Kennedy and Khrushchev were enemies, ideological and military adversaries, who blundered into a dangerous confrontation that neither wanted nor anticipated.
Each was aware that an accident, or even a misinterpretation, could set off a nuclear conflagration. Yet the circumstances of their political and international obligations, as well as their personal interests, compelled them to press their goals despite their recognition that nothing they could achieve was worth the consequences of a nuclear war.
Yet, by this night, they had nudged each other so close to the edge of the nuclear precipice that terror had entered their calculations.
Kennedy took two initiatives.
The first was to combine an earlier public pledge that the United States would not attack Cuba with a secret U.S. commitment, delivered that night by Robert Kennedy to Soviet Ambassador Anatoly Dobrynin, to remove the offending Jupiter missiles in Turkey within several months.
The second initiative was to accept Rusk's suggestion to contact Secretary General of the United Nations U Thant and ask him to propose a missile swap (dismantling of the Jupiter missiles in exchange for the removal of the Soviet missiles). Kennedy would accept the offer, allowing him to avoid his commitment to the Joint Chiefs to begin military actions.
But Khrushchev had looked deeper into the abyss on Saturday night, and fearful that the ally he was seeking to protect was on the verge of starting a war, he precipitously ended the crisis on Sunday with a surprise announcement over Radio Moscow. "We had to act very quickly," Khrushchev told a visiting Eastern Bloc diplomat soon after. "That is also why we even used radio to contact the president. . . . This time we really were on the verge of war."
The most dangerous part of the crisis was over. What remained were negotiations related to the removal of associated weapons systems and inspection agreements (which Castro refused to accept).
In Search of Historical Perspective
Looking back at the Cuban Missile Crisis from the perspective of 50 years, it is clear that the dangers were greater than contemporaries understood: that most of the advice the President received would have led to war and that Khrushchev and Kennedy entered the crisis as adversaries seeking advantages but quickly became partners in search of a peaceful resolution. In all of this, good luck was an indispensable ingredient. Five decades of research also reveals why, absent revision, history petrifies into myth.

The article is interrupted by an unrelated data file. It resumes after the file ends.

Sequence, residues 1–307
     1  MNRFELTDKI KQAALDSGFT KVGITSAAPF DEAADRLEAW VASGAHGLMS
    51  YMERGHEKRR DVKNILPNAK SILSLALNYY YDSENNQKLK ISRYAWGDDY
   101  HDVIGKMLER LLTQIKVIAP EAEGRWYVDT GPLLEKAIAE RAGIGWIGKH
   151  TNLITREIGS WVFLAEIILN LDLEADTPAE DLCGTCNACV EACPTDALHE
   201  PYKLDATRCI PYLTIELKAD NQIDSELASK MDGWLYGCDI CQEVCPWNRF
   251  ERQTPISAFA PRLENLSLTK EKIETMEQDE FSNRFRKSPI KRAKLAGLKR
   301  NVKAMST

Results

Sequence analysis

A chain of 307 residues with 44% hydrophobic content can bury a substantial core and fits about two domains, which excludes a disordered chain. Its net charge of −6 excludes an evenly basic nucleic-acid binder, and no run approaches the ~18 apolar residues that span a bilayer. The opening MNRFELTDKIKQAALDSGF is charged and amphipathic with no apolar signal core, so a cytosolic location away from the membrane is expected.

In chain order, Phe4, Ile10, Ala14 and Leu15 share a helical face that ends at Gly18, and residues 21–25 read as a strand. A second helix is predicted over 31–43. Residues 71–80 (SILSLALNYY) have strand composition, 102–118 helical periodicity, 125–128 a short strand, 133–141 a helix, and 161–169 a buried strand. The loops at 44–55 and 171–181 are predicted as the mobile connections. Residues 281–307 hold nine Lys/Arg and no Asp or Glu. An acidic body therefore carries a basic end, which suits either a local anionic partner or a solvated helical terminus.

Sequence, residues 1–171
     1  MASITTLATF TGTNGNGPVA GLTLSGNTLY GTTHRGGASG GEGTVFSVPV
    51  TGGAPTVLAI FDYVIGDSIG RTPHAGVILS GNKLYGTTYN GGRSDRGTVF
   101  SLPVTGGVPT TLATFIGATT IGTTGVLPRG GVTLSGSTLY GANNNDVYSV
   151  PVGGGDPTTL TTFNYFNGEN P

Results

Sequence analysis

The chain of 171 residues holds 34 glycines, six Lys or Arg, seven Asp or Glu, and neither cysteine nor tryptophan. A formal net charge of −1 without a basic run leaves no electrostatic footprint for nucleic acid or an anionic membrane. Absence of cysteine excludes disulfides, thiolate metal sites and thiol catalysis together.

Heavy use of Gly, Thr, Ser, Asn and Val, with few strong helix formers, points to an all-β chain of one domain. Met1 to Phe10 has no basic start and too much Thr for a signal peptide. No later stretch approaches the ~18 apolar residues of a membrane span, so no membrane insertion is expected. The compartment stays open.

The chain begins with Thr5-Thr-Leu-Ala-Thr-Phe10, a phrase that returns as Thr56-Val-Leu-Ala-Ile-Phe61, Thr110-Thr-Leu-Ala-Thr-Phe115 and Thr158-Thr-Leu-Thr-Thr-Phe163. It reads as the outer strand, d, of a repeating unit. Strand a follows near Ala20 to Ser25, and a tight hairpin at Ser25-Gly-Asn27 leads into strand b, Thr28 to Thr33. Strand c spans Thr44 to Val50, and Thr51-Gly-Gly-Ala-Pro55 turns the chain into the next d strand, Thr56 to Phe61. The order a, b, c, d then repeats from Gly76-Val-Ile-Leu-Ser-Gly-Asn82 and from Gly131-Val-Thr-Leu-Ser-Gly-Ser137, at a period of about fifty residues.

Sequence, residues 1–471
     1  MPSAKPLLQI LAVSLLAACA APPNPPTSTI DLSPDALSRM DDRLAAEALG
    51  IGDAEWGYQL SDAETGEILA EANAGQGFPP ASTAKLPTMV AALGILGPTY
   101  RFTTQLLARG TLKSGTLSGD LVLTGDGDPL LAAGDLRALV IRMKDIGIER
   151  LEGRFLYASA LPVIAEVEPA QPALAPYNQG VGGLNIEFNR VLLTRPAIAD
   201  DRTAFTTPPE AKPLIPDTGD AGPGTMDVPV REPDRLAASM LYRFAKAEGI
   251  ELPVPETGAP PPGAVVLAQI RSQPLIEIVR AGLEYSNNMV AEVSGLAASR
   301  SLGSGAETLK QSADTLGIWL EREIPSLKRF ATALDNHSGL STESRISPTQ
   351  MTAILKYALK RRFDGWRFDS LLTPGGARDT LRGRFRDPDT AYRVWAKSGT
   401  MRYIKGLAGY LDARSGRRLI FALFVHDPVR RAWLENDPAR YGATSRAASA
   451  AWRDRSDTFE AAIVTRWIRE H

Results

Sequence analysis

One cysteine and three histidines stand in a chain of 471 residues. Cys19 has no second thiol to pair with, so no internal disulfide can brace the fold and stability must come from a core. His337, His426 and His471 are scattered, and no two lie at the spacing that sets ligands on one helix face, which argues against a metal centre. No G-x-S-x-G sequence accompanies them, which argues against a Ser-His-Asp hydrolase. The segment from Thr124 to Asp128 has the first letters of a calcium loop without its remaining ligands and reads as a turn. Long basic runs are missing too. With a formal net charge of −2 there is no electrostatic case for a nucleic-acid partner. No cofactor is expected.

The crisis was the transformative event in U.S.-Soviet and U.S.-Cuban Cold War relations. It not only assured Castro's survival (the putative aim of the Soviet deployment), but it reset the unstated rules of the U.S.-Soviet nuclear relationship.
Nuclear deterrence could no longer be viewed as a stable condition that allowed governments to brandish nuclear weapons for diplomatic advantage. The crisis had exposed deterrence's fragilities, requiring that it be managed openly as a delicately balanced process. Kennedy had made the essential point in his October 22 address:
Nuclear weapons are so destructive, and ballistic missiles are so swift, that any substantially increased possibility of their use or any sudden change in their deployment may well be regarded as a definite threat to peace.
Research also exposed the need to reexamine the definition of the Cuban Missile Crisis.
Was it "The Thirteen Days" from October 16 to 28, 1962, that Robert Kennedy memorialized in his memoir of the event?
Or, was it the 13 weeks that began with the first shipments of Soviet missiles to Cuba?
Or, was it the 20 months from the debacle of the Bay of Pigs in April 1961 to November 1962, when the last of the Soviet missiles and bombers left Cuba?
Or, was it the 13 years since August 1949, when the Soviet Union successfully tested its first nuclear weapon?
The crisis fits all of those definitions, but as the historical lens is widened, more complexity, more politics, more miscalculations, more unintended consequences, and more understanding enter the narrative.
Expanding the boundaries of the 13 days to Castro's revolution and the failed Bay of Pigs invasion (1959 and 1961 respectively) explains the circumstances that made room for the crisis but does not deal with its root cause. The root cause was the central role that nuclear weapons had come to play in the American-Soviet relationship.
Disregarding how those weapons were seen and valued by Soviet and U.S. leaders during the 17 years that preceded the crisis is analogous to explaining the cause of the American Civil War by focusing solely on Abraham Lincoln's election in 1860 while ignoring the history of slavery.
More Than a Crisis: A Global Event
The alliance structures on both sides of the iron curtain—and the role that nuclear weapons played in maintaining those structures—made the Cuban Missile Crisis a global event, despite how Khrushchev, Kennedy and Castro defined it.